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Album: Music for an English Country GardenReleased: 1918
Beloved of Morris dancers and school orchestras, "Country Gardens" is an English folk tune collected by Ralf Vaughan Williams' friend, the musicologist Cecil Sharp. Australian composer Percy Grainger famously arranged it for piano in 1918 and the best known version with the lyrics sung was by Jimmie Rodgers (as "English Country Garden"), which reached #5 on the UK singles chart in 1962.
George Percy Grainger (8 July 1882 – 20 February 1961) was an Australian-born composer and pianist who worked under the stage name of Percy Aldridge Grainger. A striking looking lad with blue eyes and brilliant orange hair, Grainger gave his first public performance on the piano at the age of 12, and critics hailed him as a prodigy.
Grainger and his domineering and possessive mother, with whom he had a very close relationship, moved to London in 1901. Encouraged by his friend Edvard Grieg, he took an interest in English folk music and with the help of a wax cylinder recorder, persuaded the locals to sing their rural songs for hi, which he proceeded to arrange.
Grainger moved to the United States at the outbreak of World War I in 1914, due to pressure to enlist in the military and lived there for the rest of his life. Whilst there, he arranged the English folk song "Country Gardens", as a birthday gift for his beloved mother. It became his biggest success, selling more than 40,000 copies a year in the US alone. By 1925, Grainger was extremely rich and wildly famous. He was earning $5,000 a week for performances and charging up to $200 an hour for lesson - a lot of money in those days. But Grainger came to loath this tune, which had become his calling card. At one concert, after he had already given numerous encores, he said "I have to play Country Gardens or they won't go home." He did and they did.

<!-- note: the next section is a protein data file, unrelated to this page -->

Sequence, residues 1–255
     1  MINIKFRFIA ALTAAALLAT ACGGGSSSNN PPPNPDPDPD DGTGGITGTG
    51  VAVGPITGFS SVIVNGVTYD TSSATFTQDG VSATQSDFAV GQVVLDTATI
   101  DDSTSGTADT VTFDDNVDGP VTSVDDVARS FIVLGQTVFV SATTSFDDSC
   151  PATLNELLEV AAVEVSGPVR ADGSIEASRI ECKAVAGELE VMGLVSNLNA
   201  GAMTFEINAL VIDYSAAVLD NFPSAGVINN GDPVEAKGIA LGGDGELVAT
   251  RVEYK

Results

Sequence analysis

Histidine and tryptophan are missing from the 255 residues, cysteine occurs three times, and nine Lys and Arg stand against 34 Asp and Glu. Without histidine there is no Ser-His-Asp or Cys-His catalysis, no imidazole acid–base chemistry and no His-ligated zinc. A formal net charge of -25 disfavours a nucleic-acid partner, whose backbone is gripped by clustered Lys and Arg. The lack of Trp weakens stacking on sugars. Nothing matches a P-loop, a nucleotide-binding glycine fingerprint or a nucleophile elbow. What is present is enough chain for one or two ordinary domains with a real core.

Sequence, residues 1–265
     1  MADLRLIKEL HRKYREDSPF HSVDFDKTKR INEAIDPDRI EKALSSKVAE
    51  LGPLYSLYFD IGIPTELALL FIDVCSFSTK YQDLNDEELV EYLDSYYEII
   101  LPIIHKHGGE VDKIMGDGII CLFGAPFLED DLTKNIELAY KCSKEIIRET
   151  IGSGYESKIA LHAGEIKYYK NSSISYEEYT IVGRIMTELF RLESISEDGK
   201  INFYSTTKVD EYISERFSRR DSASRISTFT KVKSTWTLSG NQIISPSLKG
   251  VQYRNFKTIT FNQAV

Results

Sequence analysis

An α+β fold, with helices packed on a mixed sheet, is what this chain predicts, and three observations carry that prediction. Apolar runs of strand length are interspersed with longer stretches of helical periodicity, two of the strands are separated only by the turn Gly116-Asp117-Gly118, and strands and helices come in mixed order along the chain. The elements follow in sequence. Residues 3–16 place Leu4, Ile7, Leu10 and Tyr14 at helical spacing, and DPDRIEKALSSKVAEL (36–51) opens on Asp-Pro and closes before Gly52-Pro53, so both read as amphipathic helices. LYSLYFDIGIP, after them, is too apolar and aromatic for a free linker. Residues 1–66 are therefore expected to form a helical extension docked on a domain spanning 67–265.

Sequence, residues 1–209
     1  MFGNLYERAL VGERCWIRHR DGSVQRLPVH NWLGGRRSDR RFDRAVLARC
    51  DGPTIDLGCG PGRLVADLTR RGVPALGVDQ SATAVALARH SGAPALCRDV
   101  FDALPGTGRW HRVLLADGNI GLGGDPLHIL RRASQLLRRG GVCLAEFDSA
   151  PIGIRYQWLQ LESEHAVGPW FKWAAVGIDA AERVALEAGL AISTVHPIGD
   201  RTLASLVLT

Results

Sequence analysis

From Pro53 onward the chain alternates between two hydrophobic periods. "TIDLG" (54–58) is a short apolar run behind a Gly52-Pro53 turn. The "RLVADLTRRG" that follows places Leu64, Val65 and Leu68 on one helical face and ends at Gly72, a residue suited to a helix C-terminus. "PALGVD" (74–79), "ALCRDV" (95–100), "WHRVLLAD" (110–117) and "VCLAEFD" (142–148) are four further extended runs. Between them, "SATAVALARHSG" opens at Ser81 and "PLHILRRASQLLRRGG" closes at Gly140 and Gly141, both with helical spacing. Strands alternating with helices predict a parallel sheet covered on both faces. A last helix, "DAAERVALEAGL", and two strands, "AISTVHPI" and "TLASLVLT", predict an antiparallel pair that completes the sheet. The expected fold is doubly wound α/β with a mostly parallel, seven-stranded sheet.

Grainger was renowned for his physical stamina and was known as "the jogging pianist" for his habit of racing through streets to a concert, where he would bound on stage at the last minute as he preferred to be in a state of utter exhaustion when playing. While on tour, he sometimes walked from venue to venue. Once, after a concert in South Africa, he walked 65 miles to the next, arriving late still wearing his gym shoes.
Comedian Allan Sherman used this "Country Gardens'" melody for his 1963 song, "Here's To the Crabgrass."